A significant amount of the interviews on 88 Films’ new 4K UHD release of Police Story 3: Supercop talk about the friendship and friendly rivalry between Jackie Chan and Michelle Yeoh, then basically the top-tier stars in their corner of Hong Kong action cinema. Yeoh was discovered by Chan before making a name for herself in the mid-1980s with the In the Line of Duty series and subsequently retiring, briefly, after marrying her first husband. Supercop was Yeoh’s return to the big screen, and director Stanley Tong knew he had to make a splash with his two renowned stars — which, in this case, meant the most impressive action and outlandish stunts possible. Thing is Chan wasn’t about to be outshone by Yeoh, meaning the film is a continuously escalating action showcase culminating in the two of them performing stunts that look designed to have killed them during filming.
Two things. One: Some of the stunts almost did kill them and they have footage to prove it. Two: Despite the showiness of Chan’s final stunt, Yeoh totally runs away with the film, with stunts that include a motorcycle jump onto a train that remains one of the most iconic moments in Hong Kong action history. 88 Films’ American UHD release of Supercop was surely in the works before Yeoh won the Best Actress Oscar for her performance in Everything Everywhere All At Once, but it’s releasing at just the right time for a resurgence in interest for her career.
Simply put, it’s a great release for fans of the film and the newly curious. Although previously available on Blu-ray, the 4K UHD upscale looks utterly fantastic and is a far, far cry from the low-quality VHS rips that used to circulate for some of these Hong Kong classics.
Speaking of Police Story … well, obviously this is a sequel to the previous films, and it’s ultimately a Chan joint. I don’t mean to pay his performance short shrift by frontloading my praise for Yeoh; it’s just hard to get the image of her flying off a truck onto the hood of his car and then rolling off onto the road head-first out of my mind. For what it’s worth, Chan dislocated his cheek while filming another scene.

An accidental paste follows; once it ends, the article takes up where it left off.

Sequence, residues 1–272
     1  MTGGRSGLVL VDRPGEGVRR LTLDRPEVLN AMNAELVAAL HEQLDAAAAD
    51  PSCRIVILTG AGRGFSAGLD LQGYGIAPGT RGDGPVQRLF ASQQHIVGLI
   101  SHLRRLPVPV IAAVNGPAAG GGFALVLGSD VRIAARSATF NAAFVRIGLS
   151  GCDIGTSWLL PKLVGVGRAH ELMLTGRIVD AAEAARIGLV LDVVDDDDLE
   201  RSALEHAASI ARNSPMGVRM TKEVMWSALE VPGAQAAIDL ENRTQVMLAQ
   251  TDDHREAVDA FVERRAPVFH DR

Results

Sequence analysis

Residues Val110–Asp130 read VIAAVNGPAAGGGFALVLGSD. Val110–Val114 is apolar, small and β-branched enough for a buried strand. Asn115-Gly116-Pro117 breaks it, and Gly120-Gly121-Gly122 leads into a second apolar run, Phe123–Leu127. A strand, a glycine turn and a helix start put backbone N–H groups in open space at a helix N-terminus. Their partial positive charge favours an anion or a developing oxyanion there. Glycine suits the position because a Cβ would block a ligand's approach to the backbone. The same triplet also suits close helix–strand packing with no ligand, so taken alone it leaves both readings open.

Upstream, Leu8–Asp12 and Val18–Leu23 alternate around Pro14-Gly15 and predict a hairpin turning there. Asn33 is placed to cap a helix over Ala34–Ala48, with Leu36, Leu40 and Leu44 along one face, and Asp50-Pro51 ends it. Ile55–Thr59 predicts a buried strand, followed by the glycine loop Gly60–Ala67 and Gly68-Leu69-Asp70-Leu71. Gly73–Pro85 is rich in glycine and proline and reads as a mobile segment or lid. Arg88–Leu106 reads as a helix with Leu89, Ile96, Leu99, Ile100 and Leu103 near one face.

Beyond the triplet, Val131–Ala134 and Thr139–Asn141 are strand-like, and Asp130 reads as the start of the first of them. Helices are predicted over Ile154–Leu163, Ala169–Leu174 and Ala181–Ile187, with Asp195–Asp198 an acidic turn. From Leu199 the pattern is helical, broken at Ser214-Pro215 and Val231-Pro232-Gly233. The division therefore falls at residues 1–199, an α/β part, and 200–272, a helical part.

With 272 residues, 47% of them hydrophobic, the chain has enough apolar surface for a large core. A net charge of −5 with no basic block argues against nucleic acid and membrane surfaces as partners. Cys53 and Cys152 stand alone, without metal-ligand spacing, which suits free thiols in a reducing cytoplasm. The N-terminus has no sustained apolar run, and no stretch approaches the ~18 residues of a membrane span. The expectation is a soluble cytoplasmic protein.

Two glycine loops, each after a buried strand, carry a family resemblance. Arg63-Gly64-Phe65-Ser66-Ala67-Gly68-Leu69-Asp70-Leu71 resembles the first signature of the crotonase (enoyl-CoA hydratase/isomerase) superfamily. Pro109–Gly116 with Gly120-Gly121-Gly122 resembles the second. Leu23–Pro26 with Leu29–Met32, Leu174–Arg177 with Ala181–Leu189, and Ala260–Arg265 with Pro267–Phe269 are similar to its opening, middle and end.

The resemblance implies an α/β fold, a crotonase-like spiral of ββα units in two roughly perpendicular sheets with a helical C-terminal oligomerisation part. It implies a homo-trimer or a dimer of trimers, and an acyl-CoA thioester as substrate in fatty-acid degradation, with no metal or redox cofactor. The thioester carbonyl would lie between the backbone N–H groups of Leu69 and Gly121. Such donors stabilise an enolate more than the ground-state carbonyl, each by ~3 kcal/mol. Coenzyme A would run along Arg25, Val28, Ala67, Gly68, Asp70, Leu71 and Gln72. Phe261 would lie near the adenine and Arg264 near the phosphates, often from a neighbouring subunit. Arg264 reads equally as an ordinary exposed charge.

Chan reprises the role of Ka-Kui, a martial-arts trained ‘”supercop” tasked with undercover missions for the Royal Hong Kong Police Force. This time around, he teams up with Inspector Yang (Yeoh) to bring down a drug lord and his mafia. Drama abounds when both of them are drawn in as brother-and-sister criminals who have to learn to work together when discovery by Chaibat (Kenneth Tsang) would mean instant death. The film is a murderer’s row of famous Hong Kong faces, including Maggie Cheung reprising her role as Ka Kui’s put-upon girlfriend, May; Yuen Wah as Panther, the lead enforcer for Chaibat; and Lo Lieh as a Thai general who supplies opium to the criminal underworld.
Like its predecessors — and Chan’s best work — Supercop is a blend of action and slapstick comedy, and everyone comes out to play. It’s a dazzling classic, and it’s never really looked better than this release.
88 Films has gone all-out in its packaging for this one, including the disc and a perfect-bound booklet in a great slipcover that looks and feels wonderful. The special edition includes lobby cards and a poster.
Special features are a mixture of old and new, blending Chan and Yeoh interviews from a few decades ago with updated chats with director Tong, assistant director Johnny Lee and supporting actors in the film. 88 Films also produced new commentary tracks for the release. It also includes both the 96-minute original Hong Kong cut (viewed for this review) and the 91-minute American cut.